Jason, a Queens resident, has been a patron of a hardware store since 1977, despite the fact that he had left the neighborhood in 1991. He travels more than a dozen miles whenever he needs a hardware item to the small family-owned store instead of shopping in one of the large chains just down the road from where he lives. You see, on a summer day in 1977 New York City was in the midst of a blackout and Jason badly needed a large flashlight to care for his ailing father. While most of the stores in the area were closed, the hardware store was open for just an hour or so, working under candlelight. Earlier in the day there had been a run on the flashlights and the store owner wisely put two aside for his own family.
When Jason walked in, he learned that the store had sold out its flashlights, but when he told the owner why he needed the flashlight, the owner handed him one of the two large flashlights without hesitation, refusing to take any money. “Just go ahead and take care of your father.”
A Staten Island police officer still frequents a downtown café after the owner shared some food with him while on duty in the aftermath of 9/11. You probably can relate your own story of a benevolent act that you will never forget. Sure, this might be ascribed to human kindness but marketers say that it is this kind of benevolence that leaves a lasting impression on customers who enthusiastically share these acts of kindness with hundreds and even thousands of others.
There were many examples of this during the recent volcanic ash episode which shut down more than 100,000 flights. JFK became an instant shelter for the thousands of stranded travelers. Saveria, which owns many stores at the airport donated hundreds of bottles of water and soda. Some f the restaurants even offered free food. These are all acts of kindness that will no doubt be remembered for a long time.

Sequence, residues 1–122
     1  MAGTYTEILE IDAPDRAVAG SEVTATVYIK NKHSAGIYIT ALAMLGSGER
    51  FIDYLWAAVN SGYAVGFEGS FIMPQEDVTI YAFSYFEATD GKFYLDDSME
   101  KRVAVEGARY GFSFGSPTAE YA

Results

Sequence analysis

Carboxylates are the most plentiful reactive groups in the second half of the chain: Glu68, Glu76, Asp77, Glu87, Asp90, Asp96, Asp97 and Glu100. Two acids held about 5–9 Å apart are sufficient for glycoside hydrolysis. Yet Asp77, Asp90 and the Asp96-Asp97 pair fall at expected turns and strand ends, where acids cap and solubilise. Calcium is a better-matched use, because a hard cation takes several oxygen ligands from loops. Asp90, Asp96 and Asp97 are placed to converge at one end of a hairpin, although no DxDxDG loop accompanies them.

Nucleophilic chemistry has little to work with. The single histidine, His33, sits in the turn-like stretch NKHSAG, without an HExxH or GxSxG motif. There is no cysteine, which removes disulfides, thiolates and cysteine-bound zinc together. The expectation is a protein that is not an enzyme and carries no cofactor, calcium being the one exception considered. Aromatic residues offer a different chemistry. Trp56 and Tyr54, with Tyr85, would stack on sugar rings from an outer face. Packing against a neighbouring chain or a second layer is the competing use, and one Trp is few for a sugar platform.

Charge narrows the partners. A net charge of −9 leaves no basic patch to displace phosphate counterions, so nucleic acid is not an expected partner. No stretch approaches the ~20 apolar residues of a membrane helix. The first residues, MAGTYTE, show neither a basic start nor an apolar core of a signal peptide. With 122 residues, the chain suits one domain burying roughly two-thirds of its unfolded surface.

Customers, however, were not so kind to Jet Blue when it stranded travelers on a tarmac for eight hours on a cold day in February, without a bit of information on the cause for the delay (which turned out to be weather related). It took the airline many weeks to recover from what was the airline’s worst PR fiasco.
While travelers were appreciative of the water and the cots that were provided by the Port Authority during the volcanic ash shutdown, they were not as forgiving when it came to the airlines. It appears that while some airlines had their staff cut and run, others were there to lend a sympathetic ear. Others went well beyond the call of duty: Wrote Ad Age: “At Terminal Seven at JFK, British Airways’ concourse was virtually empty because the airline had paid for hotel accommodations for all its passengers, and had handed out food vouchers.”
Ad Age also noted: “And, to its credit, the hotel industry in the U.S. for the most part did not try to take advantage of the situation with price gouging. A group of almost 40 hotels in New York banded together to offer stranded passengers a 15% discount on room rates, although the Associated Press reported that a Hong Kong hotel raised its rate from 250 euros to 800 within the same day.”
Writing in a business column, a noted marketing consultant, actually urged businesses to seek out “situations of despair” to demonstrate “that it’s not all about the money.” He pointed to a linen store in the Midwest that was quick to donate a new set of linen to a family of six that had been displaced by a fire.
He and other marketing consultants have always argued that customers have a long memory. Just as they remember the good deeds, they are also likely to recall when a business simply does not rise to the occasion. Some of these deeds might even sound petty. A woman staying in a Midtown Manhattan hotel could not get over the fact that the hotel had “given” her an oversized umbrella to protect her from a rainstorm as she was heading to an interview. She wrote to a local newspaper “You better believe that I will never stay in any other hotel when I am in New York.”
A restaurateur I know well says he trained his waiters to observe customers who appear less than thrilled with the dish they ordered. As soon as the waiters “guess” that the customer is unhappy, they immediately offer to replace the dish. “I will do the same for customers who appear to leave over most of the dish. It’s a small cost for customer satisfaction.”
While you might say that this column has more to do with human decency and good behavior, it is to a great extent just that, but it is also marketing at its best. The ability to recognize that a deed is a small cost for “satisfaction” for whatever reason is not as widespread as it should be. Imagine a marketing program that actually kills two birds with one stone: Indifference and bad marketing.